It’s an office window like none other in Buffalo.

On a clear day, Keegan Lachut can see the wind turbines in Wyoming County.

When he swings around, he can make out the mist coming off Niagara Falls, the lights of Seneca Niagara Casino, the contours of Grand Island and the shores of Canada.

And then he looks down. Past his feet, through the Plexiglas floor and metal bars to the construction site teeming with activity 212 feet below.

“You gotta see the view,” he said.

From inside the cramped cab with few creature comforts, Lachut operates the monstrous tower crane that looms over the construction site at the corner of Main and High streets, where construction firm LPCiminelli is building the Conventus facility at the Buffalo Niagara Medical Campus.

The crane isn’t even the largest in downtown Buffalo. The apex of the tower crane across from First Niagara Center, where Mortenson Construction is building the Buffalo Sabres’ HarborCenter project, stretches about 250 feet above the ground. And more of these tower cranes are coming as construction progresses at both locations.

The enormous pillars of steel have people talking.

Southbound drivers on the Niagara Thruway could be forgiven for becoming nervous as they approach the exit for the Skyway – when the crane’s “jib,” or arm, points north. The yellow HarborCenter crane from a distance looks as if it could drop something on the cars below, like a rebar Godzilla wreaking havoc on an unsuspecting city.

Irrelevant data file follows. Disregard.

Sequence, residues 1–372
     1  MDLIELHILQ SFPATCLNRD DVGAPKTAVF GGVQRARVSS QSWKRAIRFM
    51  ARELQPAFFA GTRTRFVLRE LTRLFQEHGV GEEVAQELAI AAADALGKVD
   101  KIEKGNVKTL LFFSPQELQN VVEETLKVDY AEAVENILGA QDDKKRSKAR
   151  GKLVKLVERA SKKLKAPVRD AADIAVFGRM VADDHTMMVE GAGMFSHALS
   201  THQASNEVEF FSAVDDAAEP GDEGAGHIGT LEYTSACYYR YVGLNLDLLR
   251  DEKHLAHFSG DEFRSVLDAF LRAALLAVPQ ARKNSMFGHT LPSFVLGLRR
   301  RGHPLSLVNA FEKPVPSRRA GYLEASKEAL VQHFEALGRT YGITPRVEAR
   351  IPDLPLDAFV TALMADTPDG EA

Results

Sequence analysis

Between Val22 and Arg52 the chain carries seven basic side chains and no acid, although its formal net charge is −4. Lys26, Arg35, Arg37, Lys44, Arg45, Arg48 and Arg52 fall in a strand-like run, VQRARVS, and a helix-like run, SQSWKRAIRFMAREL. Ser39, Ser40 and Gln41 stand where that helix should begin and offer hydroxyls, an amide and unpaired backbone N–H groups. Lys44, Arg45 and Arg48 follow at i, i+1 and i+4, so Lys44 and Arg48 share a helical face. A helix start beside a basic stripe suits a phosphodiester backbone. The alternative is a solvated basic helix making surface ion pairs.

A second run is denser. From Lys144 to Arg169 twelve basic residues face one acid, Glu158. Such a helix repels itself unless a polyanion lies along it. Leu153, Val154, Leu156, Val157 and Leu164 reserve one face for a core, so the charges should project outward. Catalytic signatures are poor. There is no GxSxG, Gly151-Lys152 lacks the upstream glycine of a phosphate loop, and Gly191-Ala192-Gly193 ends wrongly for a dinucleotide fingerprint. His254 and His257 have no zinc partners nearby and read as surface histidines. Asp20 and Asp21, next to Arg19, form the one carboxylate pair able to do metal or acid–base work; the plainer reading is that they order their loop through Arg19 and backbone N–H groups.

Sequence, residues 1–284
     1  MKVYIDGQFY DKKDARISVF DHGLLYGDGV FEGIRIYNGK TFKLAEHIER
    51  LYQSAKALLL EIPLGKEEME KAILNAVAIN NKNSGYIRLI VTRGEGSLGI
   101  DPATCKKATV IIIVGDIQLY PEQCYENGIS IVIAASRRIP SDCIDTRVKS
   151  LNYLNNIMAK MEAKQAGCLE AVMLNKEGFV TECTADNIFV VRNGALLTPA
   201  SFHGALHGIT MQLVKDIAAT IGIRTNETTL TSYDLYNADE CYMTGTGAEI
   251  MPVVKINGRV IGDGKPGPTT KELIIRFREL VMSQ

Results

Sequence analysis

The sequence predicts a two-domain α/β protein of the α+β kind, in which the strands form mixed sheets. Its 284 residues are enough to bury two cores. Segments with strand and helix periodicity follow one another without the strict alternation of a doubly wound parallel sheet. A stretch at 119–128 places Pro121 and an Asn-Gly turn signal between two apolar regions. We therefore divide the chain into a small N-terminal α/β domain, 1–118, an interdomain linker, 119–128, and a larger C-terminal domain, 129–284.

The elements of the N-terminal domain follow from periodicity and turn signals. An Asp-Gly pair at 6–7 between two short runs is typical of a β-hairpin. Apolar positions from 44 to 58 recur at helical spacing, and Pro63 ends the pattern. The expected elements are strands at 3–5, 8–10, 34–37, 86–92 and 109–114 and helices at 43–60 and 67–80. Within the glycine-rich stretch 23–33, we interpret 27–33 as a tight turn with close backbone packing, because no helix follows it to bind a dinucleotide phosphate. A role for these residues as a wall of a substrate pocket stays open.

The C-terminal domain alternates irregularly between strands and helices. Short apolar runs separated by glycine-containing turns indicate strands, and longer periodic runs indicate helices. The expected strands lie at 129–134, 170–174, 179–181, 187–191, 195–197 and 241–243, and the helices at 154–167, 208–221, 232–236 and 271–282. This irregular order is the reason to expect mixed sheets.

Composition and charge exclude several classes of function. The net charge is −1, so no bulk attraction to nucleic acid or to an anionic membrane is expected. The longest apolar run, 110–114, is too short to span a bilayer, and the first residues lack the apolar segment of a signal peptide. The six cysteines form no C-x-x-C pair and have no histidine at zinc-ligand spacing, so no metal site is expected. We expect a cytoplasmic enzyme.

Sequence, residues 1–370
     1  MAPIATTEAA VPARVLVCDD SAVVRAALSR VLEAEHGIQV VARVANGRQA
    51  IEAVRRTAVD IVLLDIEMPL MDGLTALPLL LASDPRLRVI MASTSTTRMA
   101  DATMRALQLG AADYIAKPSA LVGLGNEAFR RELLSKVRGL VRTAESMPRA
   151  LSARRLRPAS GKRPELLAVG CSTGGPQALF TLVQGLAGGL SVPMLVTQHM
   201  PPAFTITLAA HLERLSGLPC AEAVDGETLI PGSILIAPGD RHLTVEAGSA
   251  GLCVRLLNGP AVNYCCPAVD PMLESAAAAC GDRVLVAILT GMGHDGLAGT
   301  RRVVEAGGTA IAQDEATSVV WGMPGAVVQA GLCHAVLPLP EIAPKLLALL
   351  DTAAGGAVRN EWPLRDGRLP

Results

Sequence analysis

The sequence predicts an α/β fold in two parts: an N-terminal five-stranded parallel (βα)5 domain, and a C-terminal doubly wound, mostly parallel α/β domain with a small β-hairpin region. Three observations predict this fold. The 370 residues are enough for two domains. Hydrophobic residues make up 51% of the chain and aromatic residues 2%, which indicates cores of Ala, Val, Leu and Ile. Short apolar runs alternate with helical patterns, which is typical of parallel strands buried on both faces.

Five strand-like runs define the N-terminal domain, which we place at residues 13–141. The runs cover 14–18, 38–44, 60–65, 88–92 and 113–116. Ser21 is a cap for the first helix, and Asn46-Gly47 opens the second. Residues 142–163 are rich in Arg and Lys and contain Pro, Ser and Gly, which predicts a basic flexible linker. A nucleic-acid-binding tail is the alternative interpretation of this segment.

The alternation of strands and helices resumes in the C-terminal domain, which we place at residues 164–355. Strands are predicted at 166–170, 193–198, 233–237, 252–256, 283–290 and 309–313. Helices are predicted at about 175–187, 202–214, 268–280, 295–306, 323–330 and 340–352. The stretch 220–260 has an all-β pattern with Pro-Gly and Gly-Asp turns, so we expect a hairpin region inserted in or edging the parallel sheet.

The waterfront crane is capable of lifting 45,000 pounds, the equivalent of almost 10 Ford F-150 trucks or more than 170 Bruce Smiths.

These giant cranes, used for lifting heavy loads of construction material and transporting them around the site, are a visible indication of progress to residents who have waited as plans for the waterfront and Medical Campus stalled over the last decade. They even inspired a recent sermon by the Rev. Darius Pridgen, pastor at True Bethel Baptist Church and Buffalo Common Council member, who sees the towering structures as beacons of hope.

“I haven’t seen this many cranes moving at the same time in the City of Buffalo in recent history,” Pridgen said. “So of course as a pastor, as a Council member, as a native Buffalonian, I’m very excited to see so much progress happening in so many different areas.”